You may have heard about socket programming in C. One of the socket functions is the “sigprocmask” function. This function has been usually utilized in the code to inspect or alter the signal mask of the calling function. The signal mask is a term used for a group of signals that are presently blocked and cannot be conveyed for the calling function. Such kind of signal is known as “Blocked Signals.” You can say that a process can still receive the blocked signals, but it will not be used until they are unblocked and released, i.e., raised. Until then, it will be pending. Therefore, within today’s guide, we will be discussing the use of the sigprocmask function in C programming. Let’s have a start. After the Ubuntu 20.04 successful login, you need to launch the shell of the Ubuntu 20.04 system first after the login. So, try out the “Ctrl+Alt+T” shortcut simply on the desktop screen. It will launch the terminal shell for you in some seconds. Make sure to update your system using the apt package of your system. After that, you have to execute the “touch” instruction along with the file name you want to generate, i.e., to create the C file via the shell. This newly created file can be found in the “home” folder of your system’s file explorer. You can try opening it with the “text” editor to create code in it. Another way to open it in the shell is using the “GNU Nano” editor using the “nano” keyword with a file name as demonstrated beneath.

  • C: sigaction function usage

    A sigaction() is a function that allows to call/observe or examine a specific action associated with a particular signal. It is thought to consider a signal and sigaction function on the same page. But in reality, it has not occurred. The signal() function does not block other signals when the current handler’s execution is under process. At the same time, the sigaction function can block other signals until the current handler has returned.

  • delegation of authority from the systems programming perspective – Ariadne's Space

    As I have been griping on Twitter lately, about how I dislike the design of modern UNIX operating systems, an interesting conversation about object capabilities came up with the author of musl-libc. This conversation caused me to realize that systems programmers don’t really have a understanding of object capabilities, and how they can be used to achieve environments that are aligned with the principle of least authority. In general, I think this is largely because we’ve failed to effectively disseminate the research output in this area to the software engineering community at large — for various reasons, people complete their distributed systems degrees and go to work in decentralized finance, as unfortunately, Coinbase pays better. An unfortunate reality is that the security properties guaranteed by Web3 platforms are built around object capabilities, by necessity – the output of a transaction, which then gets consumed for another transaction, is a form of object capability. And while Web3 is largely a planet-incinerating Ponzi scheme run by grifters, object capabilities are a useful concept for building practical security into real-world systems. Most literature on this topic try to describe these concepts in the framing of, say, driving a car: by default, nobody has permission to drive a given car, so it is compliant with the principle of least authority, meanwhile the car’s key can interface with the ignition, and allow the car to be driven. In this example, the car’s key is an object capability: it is an opaque object, that can be used to acquire the right to drive the car. Afterwards, they usually go on to describe the various aspects of their system without actually discussing why anybody would want this.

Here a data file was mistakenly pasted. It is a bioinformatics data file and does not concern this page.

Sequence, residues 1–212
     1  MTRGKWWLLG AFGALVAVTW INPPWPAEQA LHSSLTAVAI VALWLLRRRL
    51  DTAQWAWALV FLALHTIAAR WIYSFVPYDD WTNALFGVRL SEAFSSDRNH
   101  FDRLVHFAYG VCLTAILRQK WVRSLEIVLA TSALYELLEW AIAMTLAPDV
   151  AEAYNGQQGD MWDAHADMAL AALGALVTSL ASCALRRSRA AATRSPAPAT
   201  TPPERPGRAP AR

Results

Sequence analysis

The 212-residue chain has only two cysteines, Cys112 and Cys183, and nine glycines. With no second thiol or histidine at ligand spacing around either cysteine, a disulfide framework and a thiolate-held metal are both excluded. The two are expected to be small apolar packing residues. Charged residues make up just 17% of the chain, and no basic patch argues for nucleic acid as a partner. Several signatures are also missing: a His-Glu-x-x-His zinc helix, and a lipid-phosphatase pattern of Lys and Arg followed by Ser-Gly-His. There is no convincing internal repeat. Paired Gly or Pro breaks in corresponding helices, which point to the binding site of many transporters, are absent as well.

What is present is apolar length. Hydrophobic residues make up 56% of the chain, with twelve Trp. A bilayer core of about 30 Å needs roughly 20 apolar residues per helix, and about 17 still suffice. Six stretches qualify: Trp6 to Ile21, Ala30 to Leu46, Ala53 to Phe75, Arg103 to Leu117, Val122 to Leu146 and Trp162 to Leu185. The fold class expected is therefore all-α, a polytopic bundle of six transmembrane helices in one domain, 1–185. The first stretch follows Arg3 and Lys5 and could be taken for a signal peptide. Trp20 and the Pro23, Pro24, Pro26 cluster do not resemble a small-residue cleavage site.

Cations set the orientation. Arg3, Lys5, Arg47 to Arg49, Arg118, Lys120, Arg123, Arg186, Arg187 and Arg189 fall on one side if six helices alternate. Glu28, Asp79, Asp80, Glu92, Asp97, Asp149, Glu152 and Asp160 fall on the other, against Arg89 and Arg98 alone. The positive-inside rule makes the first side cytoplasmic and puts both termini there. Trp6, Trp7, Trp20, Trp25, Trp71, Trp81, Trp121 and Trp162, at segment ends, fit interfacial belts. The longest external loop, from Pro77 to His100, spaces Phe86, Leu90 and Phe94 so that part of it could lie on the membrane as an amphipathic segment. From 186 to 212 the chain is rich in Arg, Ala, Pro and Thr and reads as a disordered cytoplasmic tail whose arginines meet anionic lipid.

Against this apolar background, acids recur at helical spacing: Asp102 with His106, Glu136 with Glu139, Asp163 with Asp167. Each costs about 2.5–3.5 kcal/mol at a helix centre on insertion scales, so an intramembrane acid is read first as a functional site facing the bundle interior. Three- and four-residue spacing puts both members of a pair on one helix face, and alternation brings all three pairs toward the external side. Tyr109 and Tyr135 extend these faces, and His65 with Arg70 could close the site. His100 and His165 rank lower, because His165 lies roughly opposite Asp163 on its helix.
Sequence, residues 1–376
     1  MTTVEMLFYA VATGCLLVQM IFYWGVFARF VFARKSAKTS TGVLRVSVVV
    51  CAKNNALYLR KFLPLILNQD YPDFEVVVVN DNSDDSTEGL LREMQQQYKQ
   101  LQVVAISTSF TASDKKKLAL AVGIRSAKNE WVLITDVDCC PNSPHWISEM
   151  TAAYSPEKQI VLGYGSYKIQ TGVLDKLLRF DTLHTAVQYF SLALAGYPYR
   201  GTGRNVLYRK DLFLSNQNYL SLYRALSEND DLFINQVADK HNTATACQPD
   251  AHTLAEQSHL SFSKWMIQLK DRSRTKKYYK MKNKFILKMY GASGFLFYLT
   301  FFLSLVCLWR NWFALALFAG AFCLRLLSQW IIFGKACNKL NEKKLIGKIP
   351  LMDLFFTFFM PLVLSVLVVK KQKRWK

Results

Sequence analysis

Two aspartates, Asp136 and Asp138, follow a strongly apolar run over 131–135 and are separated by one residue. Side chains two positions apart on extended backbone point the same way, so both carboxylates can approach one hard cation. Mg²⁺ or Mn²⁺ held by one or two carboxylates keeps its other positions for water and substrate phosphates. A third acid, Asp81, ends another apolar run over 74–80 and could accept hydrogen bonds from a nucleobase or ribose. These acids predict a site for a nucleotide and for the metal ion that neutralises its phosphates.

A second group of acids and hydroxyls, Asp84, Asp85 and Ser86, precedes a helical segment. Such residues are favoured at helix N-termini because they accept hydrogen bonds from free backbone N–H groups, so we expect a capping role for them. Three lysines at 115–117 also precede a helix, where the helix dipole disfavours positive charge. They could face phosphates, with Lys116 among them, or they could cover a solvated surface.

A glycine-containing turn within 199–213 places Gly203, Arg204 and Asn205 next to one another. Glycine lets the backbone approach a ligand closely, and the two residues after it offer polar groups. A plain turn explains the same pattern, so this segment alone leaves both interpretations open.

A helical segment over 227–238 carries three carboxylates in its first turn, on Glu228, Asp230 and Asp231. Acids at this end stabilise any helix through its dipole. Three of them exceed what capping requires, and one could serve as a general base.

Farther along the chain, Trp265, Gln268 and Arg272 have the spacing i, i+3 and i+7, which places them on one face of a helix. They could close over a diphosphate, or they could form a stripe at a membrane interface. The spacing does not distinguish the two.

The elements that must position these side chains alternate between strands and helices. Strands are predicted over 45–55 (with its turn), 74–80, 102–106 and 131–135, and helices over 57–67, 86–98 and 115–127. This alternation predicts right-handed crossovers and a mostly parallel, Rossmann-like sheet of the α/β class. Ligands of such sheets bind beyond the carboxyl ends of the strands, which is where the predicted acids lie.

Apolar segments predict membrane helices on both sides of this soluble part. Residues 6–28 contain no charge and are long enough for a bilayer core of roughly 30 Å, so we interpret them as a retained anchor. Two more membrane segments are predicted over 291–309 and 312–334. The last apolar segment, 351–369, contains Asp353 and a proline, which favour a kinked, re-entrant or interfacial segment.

• Pip Install: Install and Remove Python Packages
  • A dog-cat-horse-turtle problem

    Sometimes the text-processing problems posted on Stack Exchange have so many solutions, it's hard to decide which is best. A problem like that was posted in the "Unix & Linux" section in December 2021...

Istio / Announcing Istio 1.12.2

This release fixes the security vulnerability described in our January 18th post, ISTIO-SECURITY-2022-001 as well as a few minor bug fixes to improve robustness. This release note describes what’s different between Istio 1.12.1 and Istio 1.12.2. Read more Also: ISTIO-SECURITY-2022-001

Android Leftovers

Redis vs. MongoDB: What you need to know

Databases are garnering a lot of popularity every day and are used by many organizations for a wide variety of use cases. Many organizations are employing innovative techniques to handle their data storage. These companies often shift between databases to optimize their storage and data mapping according to their business needs. Companies with growing data requirements utilize databases with dynamic functionalities. However, deciding which database is perfect for each of these companies can be very subjective. When it comes to database management, choosing between Redis and MongoDB can be relatively challenging. Read more